Martin Lewis explains how to get a FREE will and whether you need Power of Attorney
My aim is to be candid, blunt and unemotional. If you’re an adult, this time of year is perfect to get a will, as there are two big schemes. And even more than a will, for many, is a Power of Attorney.
Where there’s a will, there’s a way…
A will is a legal document that lets you set out what you want to happen to your finances and assets when you die. Without one your affairs can be in limbo for years.This is especially important if you live with your partner but aren’t married or in a civil partnership as common law rights don’t exist.
If you die your partner may not get the house – even if you’ve been together 37 years and have six children.
Equally if you are married and have children from a previous marriage – your kids may miss out, as it’s the intestacy laws that dictate how your money is disbursed. They depend on where you are in the UK, use the tool at https://www.gov.uk/inherits-someone-dies-without-will to see.
Making a will can be costly, but right now, there are schemes that can help.
- October is Free Wills month. If you’re aged 55 or over (or in a couple one must be) then solicitors in over 40 locations in England, Wales and Northern Ireland will draft a will for you for free. Enter your postcode on the www.freewillsmonth.org.uk website and call to book an appointment with one of the participating solicitors. They get busy so do this ASAP.Charities pay for the solicitors’ time so expect to be asked to consider leaving something to charity in your will. You don’t have to, but do if you can. Perhaps leave at least enough to cover the solicitors’ fees– typically £100 – £150.
- November is Will Aid. This is a bigger scheme, right across the UK, open to any age. The website www.willaid.org.uk (or call 0300 0309 558) lets you chose a solicitor to call and book an appointment. Remember to say you’re calling as part of the Will Aid scheme. They will ask for a donation of £95 (£150 for couples) to one of nine charities including Action Aid, NSPCC and the British Red Cross. You can do it online before your appointment. Print out the receipt and take it to the solicitor. If you can’t afford it, you can give less.
There’s a range of other ways to write a will for less. See my guide at www.mse.me/freewills.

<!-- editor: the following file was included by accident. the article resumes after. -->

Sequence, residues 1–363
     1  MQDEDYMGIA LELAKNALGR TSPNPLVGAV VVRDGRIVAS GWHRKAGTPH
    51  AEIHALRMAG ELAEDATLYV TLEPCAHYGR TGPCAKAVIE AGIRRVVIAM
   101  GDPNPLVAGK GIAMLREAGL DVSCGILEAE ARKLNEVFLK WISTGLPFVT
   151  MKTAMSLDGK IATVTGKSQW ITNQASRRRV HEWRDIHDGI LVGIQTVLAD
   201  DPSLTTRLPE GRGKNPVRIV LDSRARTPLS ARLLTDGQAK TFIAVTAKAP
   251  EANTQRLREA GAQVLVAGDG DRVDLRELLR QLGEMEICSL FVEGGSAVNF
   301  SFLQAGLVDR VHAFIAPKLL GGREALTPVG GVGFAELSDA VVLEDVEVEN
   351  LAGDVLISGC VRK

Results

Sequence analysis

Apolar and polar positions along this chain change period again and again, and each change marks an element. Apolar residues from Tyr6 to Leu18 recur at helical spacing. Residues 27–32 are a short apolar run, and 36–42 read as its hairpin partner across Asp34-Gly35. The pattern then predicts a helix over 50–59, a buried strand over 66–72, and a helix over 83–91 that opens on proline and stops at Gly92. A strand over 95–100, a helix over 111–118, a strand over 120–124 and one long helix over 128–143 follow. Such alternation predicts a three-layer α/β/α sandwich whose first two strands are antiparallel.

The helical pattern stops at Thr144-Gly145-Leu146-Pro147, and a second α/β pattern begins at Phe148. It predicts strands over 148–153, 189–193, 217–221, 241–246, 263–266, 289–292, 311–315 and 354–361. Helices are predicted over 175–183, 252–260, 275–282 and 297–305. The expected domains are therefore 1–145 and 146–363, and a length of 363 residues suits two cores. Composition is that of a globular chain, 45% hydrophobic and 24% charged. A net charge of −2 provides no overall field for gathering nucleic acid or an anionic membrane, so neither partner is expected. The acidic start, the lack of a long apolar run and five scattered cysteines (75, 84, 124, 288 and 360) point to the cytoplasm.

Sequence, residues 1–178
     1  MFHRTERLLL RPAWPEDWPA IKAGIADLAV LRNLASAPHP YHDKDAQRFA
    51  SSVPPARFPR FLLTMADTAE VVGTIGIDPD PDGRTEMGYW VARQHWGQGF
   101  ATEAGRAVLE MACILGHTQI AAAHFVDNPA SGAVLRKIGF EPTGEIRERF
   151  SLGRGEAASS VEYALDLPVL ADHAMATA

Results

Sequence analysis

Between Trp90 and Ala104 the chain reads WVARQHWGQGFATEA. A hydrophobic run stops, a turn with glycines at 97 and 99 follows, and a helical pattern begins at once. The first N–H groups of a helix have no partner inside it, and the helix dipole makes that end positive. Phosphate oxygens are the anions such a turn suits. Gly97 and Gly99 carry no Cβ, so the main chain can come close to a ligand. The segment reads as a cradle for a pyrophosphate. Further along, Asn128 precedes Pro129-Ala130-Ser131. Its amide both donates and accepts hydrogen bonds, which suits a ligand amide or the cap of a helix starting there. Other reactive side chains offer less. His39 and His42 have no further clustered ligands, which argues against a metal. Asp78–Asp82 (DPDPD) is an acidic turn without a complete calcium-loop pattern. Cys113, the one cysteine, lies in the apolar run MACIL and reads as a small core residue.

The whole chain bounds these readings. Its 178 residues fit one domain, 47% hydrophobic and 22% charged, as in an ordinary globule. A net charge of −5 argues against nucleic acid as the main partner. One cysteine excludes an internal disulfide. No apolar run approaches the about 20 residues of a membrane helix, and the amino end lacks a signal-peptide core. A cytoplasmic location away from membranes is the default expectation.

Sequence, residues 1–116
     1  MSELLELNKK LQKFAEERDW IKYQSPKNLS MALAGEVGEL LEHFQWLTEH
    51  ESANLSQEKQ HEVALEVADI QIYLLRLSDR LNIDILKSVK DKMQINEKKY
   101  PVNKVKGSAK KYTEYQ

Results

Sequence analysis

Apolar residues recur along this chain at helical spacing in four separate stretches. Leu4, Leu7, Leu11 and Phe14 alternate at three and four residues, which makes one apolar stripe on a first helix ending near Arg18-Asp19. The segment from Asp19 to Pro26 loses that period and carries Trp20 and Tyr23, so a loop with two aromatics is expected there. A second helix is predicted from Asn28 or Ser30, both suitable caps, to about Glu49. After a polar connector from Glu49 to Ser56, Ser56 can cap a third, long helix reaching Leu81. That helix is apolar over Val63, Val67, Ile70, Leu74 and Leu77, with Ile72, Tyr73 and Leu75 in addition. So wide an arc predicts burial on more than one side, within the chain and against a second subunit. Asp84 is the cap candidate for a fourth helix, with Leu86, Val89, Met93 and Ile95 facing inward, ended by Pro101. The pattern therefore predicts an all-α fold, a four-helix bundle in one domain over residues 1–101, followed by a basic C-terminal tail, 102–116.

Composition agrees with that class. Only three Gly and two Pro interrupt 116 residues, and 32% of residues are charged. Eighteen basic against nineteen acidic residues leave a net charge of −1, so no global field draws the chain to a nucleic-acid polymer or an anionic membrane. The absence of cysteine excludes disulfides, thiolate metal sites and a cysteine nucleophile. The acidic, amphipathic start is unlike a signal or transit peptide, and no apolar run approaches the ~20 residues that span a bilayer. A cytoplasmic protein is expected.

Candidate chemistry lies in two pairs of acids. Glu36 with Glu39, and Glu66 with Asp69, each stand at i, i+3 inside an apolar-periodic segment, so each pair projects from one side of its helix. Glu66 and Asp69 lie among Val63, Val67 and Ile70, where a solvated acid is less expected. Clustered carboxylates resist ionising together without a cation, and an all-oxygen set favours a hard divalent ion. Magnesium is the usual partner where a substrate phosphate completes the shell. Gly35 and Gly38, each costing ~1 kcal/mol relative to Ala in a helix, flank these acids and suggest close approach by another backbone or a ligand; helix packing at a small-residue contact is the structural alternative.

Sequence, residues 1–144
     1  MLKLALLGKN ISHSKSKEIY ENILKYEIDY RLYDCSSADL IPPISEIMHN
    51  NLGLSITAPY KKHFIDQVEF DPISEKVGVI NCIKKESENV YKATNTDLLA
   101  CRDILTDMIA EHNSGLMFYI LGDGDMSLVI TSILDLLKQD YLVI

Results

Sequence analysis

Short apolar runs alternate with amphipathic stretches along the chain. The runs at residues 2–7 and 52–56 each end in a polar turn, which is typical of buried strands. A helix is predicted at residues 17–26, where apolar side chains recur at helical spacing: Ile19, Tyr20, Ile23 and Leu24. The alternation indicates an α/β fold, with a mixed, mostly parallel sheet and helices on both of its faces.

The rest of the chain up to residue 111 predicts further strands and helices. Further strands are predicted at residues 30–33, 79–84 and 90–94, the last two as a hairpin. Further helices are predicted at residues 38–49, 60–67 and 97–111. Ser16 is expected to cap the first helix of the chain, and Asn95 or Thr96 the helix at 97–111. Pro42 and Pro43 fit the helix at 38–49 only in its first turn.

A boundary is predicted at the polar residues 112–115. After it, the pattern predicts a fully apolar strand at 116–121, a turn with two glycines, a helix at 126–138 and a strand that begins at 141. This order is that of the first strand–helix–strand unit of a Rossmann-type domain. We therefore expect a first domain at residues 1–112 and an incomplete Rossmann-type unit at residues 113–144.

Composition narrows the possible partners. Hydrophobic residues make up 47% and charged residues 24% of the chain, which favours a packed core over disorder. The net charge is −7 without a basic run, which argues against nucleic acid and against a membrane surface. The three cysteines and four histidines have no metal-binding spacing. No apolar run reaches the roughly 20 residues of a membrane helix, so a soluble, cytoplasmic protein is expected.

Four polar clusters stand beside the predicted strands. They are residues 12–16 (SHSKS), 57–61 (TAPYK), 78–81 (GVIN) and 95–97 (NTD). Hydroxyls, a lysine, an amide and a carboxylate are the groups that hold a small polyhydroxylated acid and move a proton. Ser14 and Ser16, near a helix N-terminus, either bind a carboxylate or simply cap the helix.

Power of Attorney – more important than a will for many
Getting a Power of Attorney is possibly more important than a will. When you die, the issue is dispersal of your money.
But if you lose your faculties through, say, a stroke or dementia (one in three people develop this), don’t assume relatives can walk into the bank and access your money.
A Lasting Power of Attorney (LPA) would allow them to do that. You need to get one, now, while you have the mental capacity. You nominate a trusted friend or relative to look after your affairs. You’re not giving up control now. You choose for it to come into effect when you’re no longer capable. I’ve had one for years, and I’m 46.
If you don’t have an LPA in place and you lose your faculties, your family will need to apply to take over your affairs via the Court of Protection. This can drag on for many months and cost in the £1,000s.
If you’ve simple finances, you can set an LPA up yourself by filling in the online form.
- In England & Wales it’s at www.gov.uk and costs £82
- In Scotland it is www.publicguardian-scotland.gov.uk and costs £77
- In Northern Ireland it’s www.nidirect.gov.uk and costs £127.
If you’ve more complex affairs a solicitor can do it, though it can cost over £500. There are some good halfway houses though and discount costs explained in my guide at www.mse.me/POAYou can also get a separate LPA specifically for health decisions, such as medical care and your daily care routine, should you be unable to make them for yourself.
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